By Cheryl Pellerin
American Forces Press Service
WASHINGTON, May 14, 2014 – Despite a year of workforce furloughs and dwindling budgets, the Defense Department’s science and technology enterprise reports advances ranging from a full hypersonic weapon system and high-energy lasers to light-based brain treatments and new core capabilities in cyber warfare, senior DOD officials told a Senate panel today.
Alan Shaffer, acting assistant secretary of defense for research and engineering, and Dr. Arati Prabhakar, director of the Defense Advanced Research Projects Agency, or DARPA, testified on defense research and innovation before the Senate Appropriations subcommittee on defense.
Shaffer told the panel the DOD workforce has produced remarkable achievements but now shows signs of stress due to downsizing-furlough-shutdown challenges of the past year.
“These affected the health of our workforce and the programs they execute in ways we are just beginning to understand,” he said. “We have begun to address the challenges but they remain a concern to us.”
The fiscal 2015 science and technology budget request is down about 5 percent, to $11.5 billion compared to fiscal 2014’s $12 billion request, Shaffer added.
“DOD tries to balance our program [but] there are factors that led Defense Secretary [Chuck] Hagel to conclude in his Feb. 24 budget rollout that we are entering an era where American dominance on the seas, in the skies and in space can no longer be taken for granted,” Shaffer said.
DOD is in its third year of a protracted budget drawdown, he added, and Hagel has described three major areas that make up the budget -- force size, readiness and modernization.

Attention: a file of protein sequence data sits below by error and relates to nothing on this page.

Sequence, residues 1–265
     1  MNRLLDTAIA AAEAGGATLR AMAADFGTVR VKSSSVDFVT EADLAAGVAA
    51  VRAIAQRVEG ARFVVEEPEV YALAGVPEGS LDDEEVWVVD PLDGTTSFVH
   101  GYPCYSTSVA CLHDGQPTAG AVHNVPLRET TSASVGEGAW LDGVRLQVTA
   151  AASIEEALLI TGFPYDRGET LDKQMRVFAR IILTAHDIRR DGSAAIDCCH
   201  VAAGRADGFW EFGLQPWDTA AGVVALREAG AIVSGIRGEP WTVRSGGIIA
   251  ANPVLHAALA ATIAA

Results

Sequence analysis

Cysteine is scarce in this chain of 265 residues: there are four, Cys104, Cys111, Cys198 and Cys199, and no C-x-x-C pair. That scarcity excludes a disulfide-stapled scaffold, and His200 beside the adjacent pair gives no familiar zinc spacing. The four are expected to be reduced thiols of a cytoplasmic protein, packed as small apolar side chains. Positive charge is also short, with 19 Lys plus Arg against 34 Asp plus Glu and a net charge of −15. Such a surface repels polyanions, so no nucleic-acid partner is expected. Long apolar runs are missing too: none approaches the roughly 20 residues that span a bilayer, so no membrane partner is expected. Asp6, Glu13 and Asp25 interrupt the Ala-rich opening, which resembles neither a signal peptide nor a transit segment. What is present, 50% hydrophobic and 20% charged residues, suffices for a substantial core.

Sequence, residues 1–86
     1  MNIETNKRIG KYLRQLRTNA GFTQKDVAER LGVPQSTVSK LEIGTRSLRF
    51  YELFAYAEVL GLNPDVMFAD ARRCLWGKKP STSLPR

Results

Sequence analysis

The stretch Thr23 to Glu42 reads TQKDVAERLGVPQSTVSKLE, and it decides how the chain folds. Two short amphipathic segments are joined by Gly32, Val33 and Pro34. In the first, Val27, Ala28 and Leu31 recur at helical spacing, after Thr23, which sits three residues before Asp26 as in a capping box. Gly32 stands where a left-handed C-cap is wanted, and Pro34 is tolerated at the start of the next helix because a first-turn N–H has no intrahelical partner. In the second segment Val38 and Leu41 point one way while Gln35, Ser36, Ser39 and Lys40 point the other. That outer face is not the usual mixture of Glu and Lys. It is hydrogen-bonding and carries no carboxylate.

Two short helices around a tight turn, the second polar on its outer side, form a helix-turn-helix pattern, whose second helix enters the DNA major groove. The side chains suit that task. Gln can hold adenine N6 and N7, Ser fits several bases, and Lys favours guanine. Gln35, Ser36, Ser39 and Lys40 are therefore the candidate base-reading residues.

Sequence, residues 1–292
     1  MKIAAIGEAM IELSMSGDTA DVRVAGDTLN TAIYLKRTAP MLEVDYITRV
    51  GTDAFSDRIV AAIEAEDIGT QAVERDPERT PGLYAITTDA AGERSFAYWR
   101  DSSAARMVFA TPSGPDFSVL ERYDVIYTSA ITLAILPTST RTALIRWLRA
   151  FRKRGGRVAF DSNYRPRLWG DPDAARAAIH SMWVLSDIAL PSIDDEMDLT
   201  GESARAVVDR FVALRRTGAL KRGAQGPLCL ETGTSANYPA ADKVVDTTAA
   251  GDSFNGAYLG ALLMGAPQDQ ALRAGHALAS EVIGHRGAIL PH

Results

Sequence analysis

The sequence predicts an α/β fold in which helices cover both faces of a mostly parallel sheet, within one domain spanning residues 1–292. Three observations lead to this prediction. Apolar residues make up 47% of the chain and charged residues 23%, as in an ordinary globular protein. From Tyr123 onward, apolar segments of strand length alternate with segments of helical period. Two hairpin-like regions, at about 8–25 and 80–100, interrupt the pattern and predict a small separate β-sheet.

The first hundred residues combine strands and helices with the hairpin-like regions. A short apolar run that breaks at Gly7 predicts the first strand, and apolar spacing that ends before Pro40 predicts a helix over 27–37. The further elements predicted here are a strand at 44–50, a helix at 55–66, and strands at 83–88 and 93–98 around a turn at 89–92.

The current budget drives force reduction but this reduction will take several years to yield savings, Shaffer said. In the fiscal 2015 budget, readiness and or modernization will pay a larger percentage of the overall department bill.
“To address the challenges,” he added, “we needed to examine the strategy we’re using to focus the S&T investment on high-priority areas [and] from that review emerged a strategy for investment.”
DOD invests in science and technology for three reasons, Shaffer said.
- To mitigate new and emerging threat capabilities, “and we see a significant need in the areas of electronic warfare, cyber, counter-weapons of mass destruction, and preserving space capabilities.”
- To affordably enable new or extended capabilities in military systems and future systems, “and there is a significant need to grow department systems’ engineering, modeling, and simulation and prototyping.”
- To develop technology surprise, and “we see significant need in areas such as autonomy, human systems, quantum sensing and big data.”
Shaffer said despite the challenges, the department continues to perform, including in areas such as understanding and treating traumatic brain injury.
“In addition to the DARPA Brain Initiative, the department has developed successful technologies in this area in the medical research program and in our Army's research program,” he told the panel.
“The combination of DARPA's small blast gauge to measure the [amount of blast exposure] to the head, coupled with the Defense Health Program's advances in therapeutics in photonic[, or light,] medicine will allow us to treat traumatic brain injury] more quickly and effectively,” Shaffer said.